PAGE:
I’m still eager to enroll at [College] this fall, and it remains my first choice because [explain why – the quality of the program you’ll be attending, it’s close to your family home, etc.] But I’m concerned I will not be able to afford it. I’m asking the committee to please review my award given the change in my family’s circumstances.

As outlined in the school’s appeal process, I’ve included copies of records relevant to the [eviction/foreclosure] and our current finances. I’m also including copies of the merit awards I received from two other colleges. Their awards ranged averaged $xx,xxx and the total cost of attending them ranges from $xx,xxx to $xx,xxx.

Please let me know if you’d like any more information. I appreciate your time and attention. 

Appeal reason: Unusual circumstances

Dear Mrs. Dawson,

I’m excited to enroll in [insert name of college] this fall and have been working diligently to make sure I have everything in place to do so.

I appreciate the generous financial aid package the college has offered me, but even with the award, I still have a significant gap between my anticipated costs and what my family and I can contribute. I’m requesting a review of my award because I believe my financial aid application may not have accurately conveyed certain circumstances that limit my family’s ability to contribute as much to my education as they’d like to.

While my parents make solid middle-class incomes, they have significant expenses not entirely reflected on the FAFSA form. My parents are struggling to pay down significant debt. In the past year, they helped pay medical bills for my young niece who was born with a significant disability. My parents and I also provide care for both my niece and my elderly grandmother, which has limited my ability to take an after-school job to help pay for college.

[College] remains my top choice, because I feel its academic program is the one best-suited to my needs and is an environment in which I could thrive. My hope is that an adjustment to my financial aid can make it a more realistic possibility for me to attend.

I’ve included relevant records, including a breakdown of my family’s monthly debt payments and the expenses we pay toward caregiving for my niece and grandmother. If you have any questions or would like more information, please let me know.

I appreciate your assistance in this matter and hope to continue my academic career at [College].

Appeal reason: Missed academic requirements

Dear Ms. Ziewiecki

I’m writing to request an appeal for the loss of my financial aid. I understand the school requires a GPA of 3.0 to continue aid and my average dropped to 2.75. That is my responsibility and I’m working hard to bring my grades back up. I hope that you will consider the extraordinary circumstances I faced last year which contributed to my reduced academic performance.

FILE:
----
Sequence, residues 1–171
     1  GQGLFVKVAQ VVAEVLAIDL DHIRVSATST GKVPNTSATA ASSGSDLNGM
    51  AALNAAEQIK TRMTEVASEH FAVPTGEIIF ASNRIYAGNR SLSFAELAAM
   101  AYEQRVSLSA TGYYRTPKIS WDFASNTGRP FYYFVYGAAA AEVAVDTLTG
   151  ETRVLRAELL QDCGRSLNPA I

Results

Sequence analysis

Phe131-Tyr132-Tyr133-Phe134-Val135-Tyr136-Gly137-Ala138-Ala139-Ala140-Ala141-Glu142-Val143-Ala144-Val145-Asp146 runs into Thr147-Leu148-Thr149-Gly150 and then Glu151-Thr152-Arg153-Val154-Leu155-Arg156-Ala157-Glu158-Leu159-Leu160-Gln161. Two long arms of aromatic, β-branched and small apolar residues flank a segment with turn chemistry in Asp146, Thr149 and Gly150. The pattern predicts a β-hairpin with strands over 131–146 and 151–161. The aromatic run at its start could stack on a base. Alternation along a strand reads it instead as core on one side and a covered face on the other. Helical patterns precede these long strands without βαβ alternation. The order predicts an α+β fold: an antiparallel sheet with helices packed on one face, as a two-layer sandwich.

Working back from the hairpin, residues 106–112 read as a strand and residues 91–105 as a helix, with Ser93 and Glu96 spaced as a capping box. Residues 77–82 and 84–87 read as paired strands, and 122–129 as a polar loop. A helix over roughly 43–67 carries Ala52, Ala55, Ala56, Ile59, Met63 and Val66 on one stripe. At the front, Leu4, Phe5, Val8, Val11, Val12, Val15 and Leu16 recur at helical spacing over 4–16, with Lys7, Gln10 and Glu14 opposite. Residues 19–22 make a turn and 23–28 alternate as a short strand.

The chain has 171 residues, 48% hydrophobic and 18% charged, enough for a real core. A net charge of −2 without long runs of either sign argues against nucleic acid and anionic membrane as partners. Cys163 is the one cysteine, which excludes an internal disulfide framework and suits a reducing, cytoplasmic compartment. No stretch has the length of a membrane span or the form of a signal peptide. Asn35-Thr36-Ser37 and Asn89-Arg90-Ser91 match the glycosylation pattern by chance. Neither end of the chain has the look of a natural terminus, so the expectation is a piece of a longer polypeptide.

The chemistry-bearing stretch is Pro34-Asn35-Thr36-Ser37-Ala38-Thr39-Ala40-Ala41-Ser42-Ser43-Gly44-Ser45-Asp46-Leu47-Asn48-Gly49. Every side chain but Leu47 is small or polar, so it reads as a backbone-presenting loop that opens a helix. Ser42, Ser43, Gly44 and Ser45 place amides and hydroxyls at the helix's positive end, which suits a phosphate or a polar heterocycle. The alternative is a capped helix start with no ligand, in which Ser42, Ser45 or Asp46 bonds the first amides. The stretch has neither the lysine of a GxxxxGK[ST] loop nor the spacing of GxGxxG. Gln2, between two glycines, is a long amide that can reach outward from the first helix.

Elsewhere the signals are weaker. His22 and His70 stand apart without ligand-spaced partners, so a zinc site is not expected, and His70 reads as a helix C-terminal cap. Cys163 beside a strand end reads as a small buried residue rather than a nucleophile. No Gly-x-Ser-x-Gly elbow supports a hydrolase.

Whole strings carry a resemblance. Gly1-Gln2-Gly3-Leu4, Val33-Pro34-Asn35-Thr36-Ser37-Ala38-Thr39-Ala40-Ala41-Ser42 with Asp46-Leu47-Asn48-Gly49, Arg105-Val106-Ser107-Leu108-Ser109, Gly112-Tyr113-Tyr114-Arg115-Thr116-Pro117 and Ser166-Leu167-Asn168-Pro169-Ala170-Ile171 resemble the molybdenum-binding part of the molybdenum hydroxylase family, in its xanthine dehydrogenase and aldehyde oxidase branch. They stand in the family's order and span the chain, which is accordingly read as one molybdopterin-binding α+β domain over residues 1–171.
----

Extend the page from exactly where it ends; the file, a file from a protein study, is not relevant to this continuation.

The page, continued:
Five months ago, I was in a serious car accident. While at first my injuries seemed minor —I was diagnosed with only a broken arm the night of the crash — in the following weeks, I had significant difficulty concentrating, mood swings, and difficulty sleeping. Eventually, I was diagnosed with a minor concussion as well as post-traumatic stress, both resulting from the crash.

As you can imagine, these circumstances made it very difficult for me to focus on my studies as I had previously. I have spent considerable effort in the past few months to get healthy again and feel that I am more than up to the task of bringing my GPA back up above a 3.0.

I’ve enclosed the required appeal form from the college web site, as well as a letter from my doctor and relevant medical records.

I’m grateful for the generous aid the college has already granted me — I don’t know if I could attend [College] without it. Given the circumstances, my hope is that the financial aid committee can make an exception and continue my financial aid for an additional semester so I can prove that I’m capable of continuing my academic career at the same level I had been before this unfortunate accident.

Please let me know if you need any further information or if I can answer any questions as you consider my request. Thank you for your time. 

If you need to follow up

Give the office at least two weeks to respond — college financial aid offices are busy places most of the year, and if the economy is difficult, they're likely to be dealing with more appeal letters than usual.

After those two weeks, send an email to the person to whom you initially wrote. Keep it short, polite, and professional. That gets your request top of their mind again, without wasting their time. You should also include a copy of your original letter just in case it got lost along the way.

A sample follow-up email:

Dear Ms. Jones,

I’m following up on the financial aid appeal request I sent to you on [date]. For your convenience, I’ve attached my original letter and documentation to this message. Please let me know if you need any additional information or if I can answer any questions you may have. Thank you for consideration. I look forward to hearing from you.

Reminder: These are samples. Feel free to mix and match ideas from each letter, depending on your specific circumstances, but please revise the wording to fit your specific situation. It’s less important to use a specific phrase and more important to be authentic. You want it to sound like you wrote it.

Click here to learn more on writing a successful financial aid appeal letter.

About the author